dlm$GDP.tty.growth -0.41343 0.04202 -9.838 < 2e-16 *** --- Signif. codes: 0 ‘***’ 0.001 ‘**’ 0.01 ‘*’ 0.05 ‘.’ 0.1 ‘ ’ 1 Residual standard error: 0.6649 on 102 degrees of freedom Multiple R-squared: 0.4869, Adjusted R-squared: 0.4819 F-statistic: 96.79 on 1 and 102 DF, p-value: < 2.2e-16  The final model is GDI v the unemployment rate on a through the year basis. Again, we have a valid regression, this time one that explains 56 per cent of the variance in the data. Of note: the gradient of the TTY-GDI model (-0.303) is not as steep as the gradient of the TTY-GDP model (-0.413). However, the average requirement for an unemployment rate that is falling over the year is a GDI through the year rate of 3.5 per cent. Analysis of Variance Table Response: dlm$UR.tty.growth.dif
Df Sum Sq Mean Sq F value    Pr(>F)
dlm$GDI.tty.growth 1 49.720 49.720 132.9 < 2.2e-16 *** Residuals 102 38.159 0.374 --- Signif. codes: 0 ‘***’ 0.001 ‘**’ 0.01 ‘*’ 0.05 ‘.’ 0.1 ‘ ’ 1 Call: lm(formula = dlm$UR.tty.growth.dif ~ dlm$GDI.tty.growth, na.action = "na.exclude") Residuals: Min 1Q Median 3Q Max -1.64366 -0.40215 0.00907 0.42876 1.34243 Coefficients: Estimate Std. Error t value Pr(>|t|) (Intercept) 1.07347 0.11829 9.075 9.05e-15 *** dlm$GDI.tty.growth -0.30252    0.02624 -11.528  < 2e-16 ***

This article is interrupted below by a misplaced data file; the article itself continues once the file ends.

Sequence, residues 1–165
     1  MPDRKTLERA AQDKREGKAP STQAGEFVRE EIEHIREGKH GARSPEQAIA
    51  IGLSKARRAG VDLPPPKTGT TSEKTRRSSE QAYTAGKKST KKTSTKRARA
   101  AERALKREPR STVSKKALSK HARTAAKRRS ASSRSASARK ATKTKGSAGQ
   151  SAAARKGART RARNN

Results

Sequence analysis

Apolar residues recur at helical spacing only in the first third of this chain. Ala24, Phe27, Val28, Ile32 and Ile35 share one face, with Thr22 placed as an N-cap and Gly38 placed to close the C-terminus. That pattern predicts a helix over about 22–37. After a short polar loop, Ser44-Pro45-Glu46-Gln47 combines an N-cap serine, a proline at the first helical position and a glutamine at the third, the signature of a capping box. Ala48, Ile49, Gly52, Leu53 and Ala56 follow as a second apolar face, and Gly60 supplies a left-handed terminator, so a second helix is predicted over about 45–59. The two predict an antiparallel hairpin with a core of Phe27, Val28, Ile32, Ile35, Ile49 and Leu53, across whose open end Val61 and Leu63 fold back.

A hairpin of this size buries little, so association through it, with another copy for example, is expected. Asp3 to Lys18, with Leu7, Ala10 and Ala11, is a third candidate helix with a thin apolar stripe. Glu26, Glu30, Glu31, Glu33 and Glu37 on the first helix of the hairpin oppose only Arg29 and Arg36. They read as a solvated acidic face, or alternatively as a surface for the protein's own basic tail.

---
Signif. codes:  0 ‘***’ 0.001 ‘**’ 0.01 ‘*’ 0.05 ‘.’ 0.1 ‘ ’ 1

Residual standard error: 0.6116 on 102 degrees of freedom
Multiple R-squared: 0.5658, Adjusted R-squared: 0.5615
F-statistic: 132.9 on 1 and 102 DF,  p-value: < 2.2e-16


Conclusion: for Australia at least, on both a quarterly basis and an annual basis, the GDI growth rate appears better at explaining changes in the unemployment rate than the GDP growth rate.

Caveat: I should admit to being a little troubled by the through the year regression models. I suspect the R-squared is over stated, as the sequential observations are not independent of each other (they include a 9 month period in common). Data points six months apart have a six month period in common. And you can do the math for data points that are nine months apart.

The next chart has the underlying data for the two through-the-year scatter plots.

GDP is currently growing at a rate that should see the unemployment rate decline. GDI is more lacklustre, growing at a much slower rate, which on average would see the unemployment rate grow.

#### 1 comment:

1. Great post.

Another idea - most econometric specifications of the Okun relationship use a 1Q to 2Q lag of GDP, to account for the lagged response in actual hiring. My guess is you'll find a stronger relationship for both of these tests with the lag.